After reading Olmert's insensitive and almost peevish statement, it is very clear to me that he is just trying to grind the other side down and frustrate the Palestinians into another violent rebellion. This has become clear to the Arab nations as well. They have become so frustrated with the Israeli government's intractability that they are now discussing withdrawing their 2002 peace initiative--which proposed exactly what Israel has been demanding all along: recognition of their existence as a state and security for their borders.

Olmert will not change. The frustrated and foolishly violent splinters of Palestinians who keep sending rockets over the border does not appear about to change. The Israeli assassinations will not stop, nor will their collective punishment of the Palestinians. Nor will the ambitions of the most radical of the Zionists, whose stated aim is to drive the Palestinians off the land and into the surrounding countries.

And when you see articles in the American press about the children in Sderot, the southern Israeli town, wounded by Kassam rockets, you feel bad. You wish that the Palestinians would have enough intelligence and sense to stop their violence. And then you feel worse when you see that the daughter of a Palestinian family, coming out of a store after buying her mother a present, was hit in the back of the head by a rubber bullet and died three days later without regaining consciousness.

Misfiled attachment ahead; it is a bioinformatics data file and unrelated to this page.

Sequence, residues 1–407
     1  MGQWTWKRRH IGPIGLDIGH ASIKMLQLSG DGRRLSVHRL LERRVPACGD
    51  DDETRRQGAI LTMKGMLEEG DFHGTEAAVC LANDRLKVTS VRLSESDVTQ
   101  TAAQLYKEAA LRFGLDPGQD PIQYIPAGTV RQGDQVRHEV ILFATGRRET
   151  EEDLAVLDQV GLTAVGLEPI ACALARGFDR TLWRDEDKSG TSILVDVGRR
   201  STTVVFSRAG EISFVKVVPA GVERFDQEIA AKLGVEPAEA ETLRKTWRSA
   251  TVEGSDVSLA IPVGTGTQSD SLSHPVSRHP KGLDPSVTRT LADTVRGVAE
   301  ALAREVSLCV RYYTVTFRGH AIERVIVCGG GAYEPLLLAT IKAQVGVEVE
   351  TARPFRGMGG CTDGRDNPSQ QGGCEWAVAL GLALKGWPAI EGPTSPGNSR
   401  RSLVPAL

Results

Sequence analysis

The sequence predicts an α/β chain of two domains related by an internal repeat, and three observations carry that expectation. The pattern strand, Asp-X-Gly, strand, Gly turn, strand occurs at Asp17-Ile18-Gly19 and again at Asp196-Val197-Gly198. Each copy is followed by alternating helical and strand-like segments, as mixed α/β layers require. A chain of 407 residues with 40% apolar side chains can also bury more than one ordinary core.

The Israeli Defense Forces (IDF), not surprisingly, deny that they used the rubber bullets. They do admit to using tear gas canisters against some young people throwing stones nearby. The Israeli residents of Sderot ask that Ehud Olmert come spend a day or two with them to experience their fear.

And the father of the dead girl is a member of a Palestinian-Israeli group of ex-Palestinian fighters and former soldiers in the IDF. You will see the wounded Israeli children mentioned on the news and in the American and Israeli press, but you will find the story of the dead Palestinian girl only in the Palestinian news services and the International Herald Tribune.

The usual complaint from supporters of Israel when one presents information about the Palestinians' hardships is that the "other side" is not being told. Well, the Palestinian story, here in this country, IS THE OTHER SIDE.

So now you have both sides. Which do you respect more? Ehud Olmert or the Palestinian father? Don't ask me.
I have my bias. I am the father of two daughters in a privileged and safe community. Olmert has two daughters and two sons, and his wife is a strong supporter of Peace Now. His older daughter is an outspoken supporter of Machsom Watch, the Israeli woman's group that monitors checkpoints and confronts IDF soldiers about abuses against the Palestinians. That was the story according to Newsday in March of 2006. What they think two years later is an open question. I suspect they haven't changed much.

Demand peace, non-violence, and intelligent negotiations from both sides.